University of Oulu

Evaluating and improving web performance using free-to-use tools

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Author: Kinnunen, Matias1
Organizations: 1University of Oulu, Faculty of Information Technology and Electrical Engineering, Department of Information Processing Science, Information Processing Science
Format: ebook
Version: published version
Access: open
Online Access: PDF Full Text (PDF, 1.5 MB)
Pages: 55
Persistent link:
Language: English
Published: Oulu : M. Kinnunen, 2020
Publish Date: 2020-05-19
Thesis type: Master's thesis
Tutor: Siirtola, Antti
Reviewer: Iisakka, Juha
Siirtola, Antti


Fast website loading speeds can increase conversion rates and search engine rankings as well as encourage users to explore the site further, among other positive things. The purpose of the study was to find and compare free-to-use tools that can both evaluate the performance (loading and rendering speed) of a website and give suggestions how the performance could be improved. In addition, three tools were used to evaluate the performance of an existing WordPress site. Some of the performance improvement suggestions given by the tools were then acted upon, and the performance of the website was re-evaluated using the same tools. The research method used in the study was experimental research, and the research question was “How to evaluate and improve web performance using free-to-use tools?” There were also five sub-questions, of which the first two related to the tools and their features, and the last three to the case website.

Eight free-to-use web performance evaluation tools were compared focusing on what performance metrics they evaluate, what performance improvement suggestions they can give, and six other features that can be useful to know in practice. In alphabetical order, the tools were: GTmetrix, Lighthouse, PageSpeed Insights, Pingdom Tools, Test My Site, WebPageTest, Website Speed Test (by Dotcom-Tools) and Website Speed Test (by Uptrends). The amounts of metrics evaluated by the tools ranged from one to fifteen. The performance improvement suggestions given by the tools could be put into three categories, meaning that the suggestions largely overlapped between the tools. All tools except Lighthouse were web-based tools.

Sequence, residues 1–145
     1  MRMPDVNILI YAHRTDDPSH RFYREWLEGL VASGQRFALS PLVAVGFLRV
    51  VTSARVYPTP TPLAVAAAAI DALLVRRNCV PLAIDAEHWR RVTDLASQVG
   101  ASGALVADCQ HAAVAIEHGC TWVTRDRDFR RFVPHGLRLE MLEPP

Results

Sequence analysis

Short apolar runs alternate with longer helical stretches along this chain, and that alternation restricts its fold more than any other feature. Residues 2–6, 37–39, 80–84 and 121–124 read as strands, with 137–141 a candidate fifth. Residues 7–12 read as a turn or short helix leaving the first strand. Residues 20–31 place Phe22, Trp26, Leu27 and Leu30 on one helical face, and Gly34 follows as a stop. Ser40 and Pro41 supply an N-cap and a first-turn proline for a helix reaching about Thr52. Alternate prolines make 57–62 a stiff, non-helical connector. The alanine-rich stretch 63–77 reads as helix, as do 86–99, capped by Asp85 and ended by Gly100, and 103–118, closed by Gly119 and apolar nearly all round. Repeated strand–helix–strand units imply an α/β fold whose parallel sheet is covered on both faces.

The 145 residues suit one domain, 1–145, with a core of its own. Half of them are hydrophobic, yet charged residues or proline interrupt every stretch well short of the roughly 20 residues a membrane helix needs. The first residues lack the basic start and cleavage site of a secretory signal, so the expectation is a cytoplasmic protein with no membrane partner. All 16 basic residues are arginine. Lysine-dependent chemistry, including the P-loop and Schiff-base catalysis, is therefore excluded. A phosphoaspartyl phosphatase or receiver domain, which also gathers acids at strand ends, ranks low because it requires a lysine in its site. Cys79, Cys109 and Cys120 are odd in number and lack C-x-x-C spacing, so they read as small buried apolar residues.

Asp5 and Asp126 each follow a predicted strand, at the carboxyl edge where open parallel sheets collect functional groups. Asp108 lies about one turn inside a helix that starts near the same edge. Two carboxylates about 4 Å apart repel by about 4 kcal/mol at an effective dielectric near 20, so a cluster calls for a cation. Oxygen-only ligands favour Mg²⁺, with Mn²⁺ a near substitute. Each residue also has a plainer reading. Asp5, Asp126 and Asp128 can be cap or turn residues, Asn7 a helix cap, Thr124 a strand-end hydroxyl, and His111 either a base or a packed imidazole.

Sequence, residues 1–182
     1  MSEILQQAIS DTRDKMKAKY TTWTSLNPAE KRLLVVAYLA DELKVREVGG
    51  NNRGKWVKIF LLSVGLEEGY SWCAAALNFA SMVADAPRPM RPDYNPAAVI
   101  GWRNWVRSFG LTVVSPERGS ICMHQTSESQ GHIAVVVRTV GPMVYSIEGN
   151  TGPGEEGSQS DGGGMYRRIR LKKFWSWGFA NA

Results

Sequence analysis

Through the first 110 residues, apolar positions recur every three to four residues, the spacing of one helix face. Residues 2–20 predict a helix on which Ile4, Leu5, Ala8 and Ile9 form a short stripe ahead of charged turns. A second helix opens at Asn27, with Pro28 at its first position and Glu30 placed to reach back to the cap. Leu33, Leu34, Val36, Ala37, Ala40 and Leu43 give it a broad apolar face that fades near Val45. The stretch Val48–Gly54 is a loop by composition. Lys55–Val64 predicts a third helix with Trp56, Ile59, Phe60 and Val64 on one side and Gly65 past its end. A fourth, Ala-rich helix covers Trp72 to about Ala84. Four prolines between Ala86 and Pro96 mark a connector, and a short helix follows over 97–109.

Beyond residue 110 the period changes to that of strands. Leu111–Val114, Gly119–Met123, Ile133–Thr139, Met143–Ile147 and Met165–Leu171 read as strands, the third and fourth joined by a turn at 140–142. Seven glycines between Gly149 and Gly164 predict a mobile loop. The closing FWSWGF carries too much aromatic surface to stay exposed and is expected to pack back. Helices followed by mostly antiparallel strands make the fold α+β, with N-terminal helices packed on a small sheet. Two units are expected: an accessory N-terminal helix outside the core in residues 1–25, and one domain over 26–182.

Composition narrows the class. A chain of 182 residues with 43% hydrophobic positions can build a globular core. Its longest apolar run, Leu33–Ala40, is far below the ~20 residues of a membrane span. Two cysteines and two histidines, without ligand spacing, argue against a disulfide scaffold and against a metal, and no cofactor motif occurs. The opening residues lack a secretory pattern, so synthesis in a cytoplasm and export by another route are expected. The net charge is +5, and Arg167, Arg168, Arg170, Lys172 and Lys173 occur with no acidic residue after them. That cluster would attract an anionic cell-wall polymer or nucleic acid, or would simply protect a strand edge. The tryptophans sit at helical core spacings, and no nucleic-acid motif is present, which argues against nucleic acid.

The performance of the case website was evaluated using GTmetrix, PageSpeed Insights and WebPageTest. On desktop, the performance was in the high-end range though varying between the three tools, and on mobile, the performance was noticeably slower due to the challenges of mobile devices (e.g. lower processing power compared to desktop computers) and mobile networks (e.g. higher latency compared to broadband connections). The common bottlenecks based on the suggestions given by the three tools seemed to be lack of using a CDN (Content Delivery Network), serving unoptimized images and serving large amounts of JavaScript. The results of the performance re-evaluation were mixed, highlighting the importance of carefully considering each performance improvement suggestion.

The main takeaways of the study for practitioners are to use multiple tools to get a wide variety of performance metrics and suggestions, and to regard the suggestions and relative performance scores given by the tools only as guidelines with the main goal being to improve the time-based performance metrics.

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Copyright information: © Matias Kinnunen, 2020. This publication is copyrighted. You may download, display and print it for your own personal use. Commercial use is prohibited.